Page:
Marcia Fantini from the University of Sao Paolo in Brazil focused on opportunities for crystallographers in her country today. The only synchrotron light source in Latin America is based there, a second is under construction and there are 17 research groups in the country with crystallography as their principal focus. The Chinese perspective was presented by Xiao-Dong Su from Peking University, Beijing, who remembered hosting the then frail, 83-year-old Dorothy Hodgkin among many hundreds of delegates at the 16th IUCr congress there in 1993.  Chinese crystallography has developed rapidly since then, following the rapid growth of the Chinese economy, and many structural scientists are returning from positions in the US, Europe and Japan. There are plans to update at least one of the three Chinese synchrotrons, and to build a free electron laser facility. South Africa is the only BRICS country not to have its own synchrotron, and, indeed, there are none in Africa. However, as Susan Bourne of the University of Cape Town said, its crystallography community is ‘small but very active’. And it, too, has a long history, going back to Reginald James, a professor at the same institution who had studied under W.L. Bragg in Manchester, UK. His students in South Africa included Aaron Klug, who was to win the 1982 Nobel prize for chemistry for structures of protein-nucleic acid complexes. It must be admitted that James is best known internationally as a member of Ernest Shackleton’s ill-fated expedition to the South Pole.

The Indian slot, taken by A. Nangla from CSIR in Pune, took a rather different form. Rather than presenting crystallography in India, he described a problem that he thought scientific collaboration between BRICS countries might contribute to solving: the often-quoted gap between basic research and application in the ‘real world’. This gap is bridged faster when there is a recognised need for the technology (‘market pull’ rather than ‘technology push’). He suggested that it might be particularly useful for BRICS crystallographers to collaborate in some specific areas with known applications and where they have established research strength, and cited MOFs as an example. These have many current and potential applications, including gas storage, photocatalysis and drug delivery.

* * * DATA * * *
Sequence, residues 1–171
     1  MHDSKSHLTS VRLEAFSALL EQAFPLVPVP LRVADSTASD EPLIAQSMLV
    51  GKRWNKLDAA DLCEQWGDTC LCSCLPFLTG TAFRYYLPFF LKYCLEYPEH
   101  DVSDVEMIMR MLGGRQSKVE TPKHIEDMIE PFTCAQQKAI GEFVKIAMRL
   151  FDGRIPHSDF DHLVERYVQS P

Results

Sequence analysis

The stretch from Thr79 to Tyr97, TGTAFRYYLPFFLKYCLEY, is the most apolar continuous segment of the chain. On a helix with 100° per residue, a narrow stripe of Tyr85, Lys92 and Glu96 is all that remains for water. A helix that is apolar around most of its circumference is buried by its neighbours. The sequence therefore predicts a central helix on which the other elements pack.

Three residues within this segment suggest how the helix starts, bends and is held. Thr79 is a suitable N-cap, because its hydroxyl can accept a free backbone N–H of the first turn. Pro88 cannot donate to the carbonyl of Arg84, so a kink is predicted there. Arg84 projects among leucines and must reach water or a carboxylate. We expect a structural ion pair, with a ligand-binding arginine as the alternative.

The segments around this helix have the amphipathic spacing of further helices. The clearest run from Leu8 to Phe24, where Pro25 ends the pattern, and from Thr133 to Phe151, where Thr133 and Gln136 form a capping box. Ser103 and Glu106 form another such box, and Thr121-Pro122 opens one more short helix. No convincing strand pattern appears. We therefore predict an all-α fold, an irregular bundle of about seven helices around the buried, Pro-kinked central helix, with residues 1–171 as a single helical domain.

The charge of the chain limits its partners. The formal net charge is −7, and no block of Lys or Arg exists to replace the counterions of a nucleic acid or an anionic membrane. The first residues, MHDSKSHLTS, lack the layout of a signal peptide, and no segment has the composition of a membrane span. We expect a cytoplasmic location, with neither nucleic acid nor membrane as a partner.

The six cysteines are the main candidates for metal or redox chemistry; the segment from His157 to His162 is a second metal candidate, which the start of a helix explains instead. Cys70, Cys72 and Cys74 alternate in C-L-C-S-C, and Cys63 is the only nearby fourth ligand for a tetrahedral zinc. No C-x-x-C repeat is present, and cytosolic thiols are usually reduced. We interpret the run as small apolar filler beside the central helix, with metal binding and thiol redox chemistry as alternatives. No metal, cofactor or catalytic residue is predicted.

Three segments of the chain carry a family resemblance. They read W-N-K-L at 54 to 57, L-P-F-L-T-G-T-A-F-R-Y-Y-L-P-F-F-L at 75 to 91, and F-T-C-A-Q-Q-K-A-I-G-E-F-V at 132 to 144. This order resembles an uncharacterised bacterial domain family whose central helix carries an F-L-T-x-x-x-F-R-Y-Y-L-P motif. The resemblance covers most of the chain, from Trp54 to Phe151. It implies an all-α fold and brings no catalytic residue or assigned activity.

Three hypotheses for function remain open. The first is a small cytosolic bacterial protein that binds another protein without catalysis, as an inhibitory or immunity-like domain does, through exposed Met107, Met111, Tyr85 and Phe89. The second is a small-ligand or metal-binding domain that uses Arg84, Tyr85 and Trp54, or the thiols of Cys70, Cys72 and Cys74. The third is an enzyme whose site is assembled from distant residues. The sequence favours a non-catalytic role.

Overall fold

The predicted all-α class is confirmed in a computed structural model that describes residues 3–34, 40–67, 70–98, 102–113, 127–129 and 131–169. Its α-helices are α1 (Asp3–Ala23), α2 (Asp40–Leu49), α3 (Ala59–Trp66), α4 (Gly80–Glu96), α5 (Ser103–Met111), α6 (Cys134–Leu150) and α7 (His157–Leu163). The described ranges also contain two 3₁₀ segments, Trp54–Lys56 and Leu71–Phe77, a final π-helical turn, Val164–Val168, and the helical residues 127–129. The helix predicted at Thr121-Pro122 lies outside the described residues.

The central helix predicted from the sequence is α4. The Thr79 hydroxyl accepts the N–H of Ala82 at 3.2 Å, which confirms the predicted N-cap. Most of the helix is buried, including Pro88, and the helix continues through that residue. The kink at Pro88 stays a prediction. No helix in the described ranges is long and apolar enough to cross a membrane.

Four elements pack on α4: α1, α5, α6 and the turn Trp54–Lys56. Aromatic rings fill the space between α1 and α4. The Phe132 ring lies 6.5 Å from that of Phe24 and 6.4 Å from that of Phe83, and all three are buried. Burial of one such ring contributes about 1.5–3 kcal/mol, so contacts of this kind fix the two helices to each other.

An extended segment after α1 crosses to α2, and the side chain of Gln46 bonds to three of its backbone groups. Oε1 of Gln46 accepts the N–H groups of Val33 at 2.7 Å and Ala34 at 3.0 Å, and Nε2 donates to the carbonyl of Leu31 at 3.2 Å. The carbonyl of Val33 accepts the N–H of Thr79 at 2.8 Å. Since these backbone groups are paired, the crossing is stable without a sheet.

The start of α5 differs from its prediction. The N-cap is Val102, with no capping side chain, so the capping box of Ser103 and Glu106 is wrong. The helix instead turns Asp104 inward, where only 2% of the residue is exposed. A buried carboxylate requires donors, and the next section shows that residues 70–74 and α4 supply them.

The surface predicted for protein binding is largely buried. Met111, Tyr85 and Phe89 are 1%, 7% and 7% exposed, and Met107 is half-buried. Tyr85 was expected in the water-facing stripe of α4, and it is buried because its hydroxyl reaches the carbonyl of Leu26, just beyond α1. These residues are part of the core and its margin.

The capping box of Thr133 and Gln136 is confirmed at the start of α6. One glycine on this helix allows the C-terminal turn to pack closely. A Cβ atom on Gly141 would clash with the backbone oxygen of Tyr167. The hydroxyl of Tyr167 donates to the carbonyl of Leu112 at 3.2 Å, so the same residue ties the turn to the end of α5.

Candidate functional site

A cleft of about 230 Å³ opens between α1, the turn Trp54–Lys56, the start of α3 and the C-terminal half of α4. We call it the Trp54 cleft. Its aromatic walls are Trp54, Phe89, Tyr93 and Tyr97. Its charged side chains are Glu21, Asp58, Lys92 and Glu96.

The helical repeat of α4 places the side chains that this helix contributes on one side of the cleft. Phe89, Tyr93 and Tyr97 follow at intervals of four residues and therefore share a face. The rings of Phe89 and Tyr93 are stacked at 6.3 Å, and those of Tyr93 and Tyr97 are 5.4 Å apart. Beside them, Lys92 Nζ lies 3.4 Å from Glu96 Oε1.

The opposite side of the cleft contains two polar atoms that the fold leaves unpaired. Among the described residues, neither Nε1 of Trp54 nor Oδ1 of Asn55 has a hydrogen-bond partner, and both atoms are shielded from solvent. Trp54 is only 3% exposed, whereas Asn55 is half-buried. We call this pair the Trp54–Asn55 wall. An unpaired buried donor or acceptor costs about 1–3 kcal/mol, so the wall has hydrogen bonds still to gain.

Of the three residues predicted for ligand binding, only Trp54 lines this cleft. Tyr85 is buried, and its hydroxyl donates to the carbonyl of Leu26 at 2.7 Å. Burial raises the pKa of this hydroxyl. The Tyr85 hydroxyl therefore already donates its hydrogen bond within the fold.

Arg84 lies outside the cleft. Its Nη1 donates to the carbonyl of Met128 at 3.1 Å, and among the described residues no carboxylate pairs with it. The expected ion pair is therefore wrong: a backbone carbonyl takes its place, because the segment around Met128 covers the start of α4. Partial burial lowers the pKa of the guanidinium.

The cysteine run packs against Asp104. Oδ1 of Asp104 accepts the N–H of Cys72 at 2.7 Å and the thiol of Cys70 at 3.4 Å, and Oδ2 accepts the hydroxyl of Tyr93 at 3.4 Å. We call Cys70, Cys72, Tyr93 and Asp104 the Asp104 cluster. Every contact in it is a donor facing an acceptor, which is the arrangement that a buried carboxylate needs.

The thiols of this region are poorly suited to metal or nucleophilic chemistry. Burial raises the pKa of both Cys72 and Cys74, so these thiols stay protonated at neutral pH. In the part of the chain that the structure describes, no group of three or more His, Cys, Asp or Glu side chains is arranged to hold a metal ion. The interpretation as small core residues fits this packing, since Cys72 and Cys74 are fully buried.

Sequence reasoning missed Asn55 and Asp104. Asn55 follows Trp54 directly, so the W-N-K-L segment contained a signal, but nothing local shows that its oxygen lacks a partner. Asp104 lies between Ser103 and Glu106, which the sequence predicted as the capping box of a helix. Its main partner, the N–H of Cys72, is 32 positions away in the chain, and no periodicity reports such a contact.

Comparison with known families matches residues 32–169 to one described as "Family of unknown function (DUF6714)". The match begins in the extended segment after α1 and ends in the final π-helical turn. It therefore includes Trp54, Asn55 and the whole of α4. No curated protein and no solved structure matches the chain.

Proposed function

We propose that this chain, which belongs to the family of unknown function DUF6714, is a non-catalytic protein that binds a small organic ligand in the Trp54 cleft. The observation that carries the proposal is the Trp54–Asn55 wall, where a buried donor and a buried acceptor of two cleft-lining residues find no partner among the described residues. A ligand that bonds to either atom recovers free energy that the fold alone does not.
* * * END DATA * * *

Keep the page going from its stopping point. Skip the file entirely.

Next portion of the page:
These talks were followed by two shorter ones by younger scientists from India and Russia, describing research in crystal growth and hydrogen bonding respectively, and a ‘perspective on the BRICS initiative’ presented by three South African PhD students. The meeting ended with a round table discussion with a panel that included John Helliwell from the University of Manchester, UK, as well as the speakers. Almost all contributions were very positive about the potential for collaboration between the countries although there was some disagreement about the form that any grant programme should take, and there was much support for delegates from other African countries where crystallography is less advanced. If the BRICS initiative is handled well, there are clearly many opportunities for it to support crystallography and other structural sciences throughout the developing world.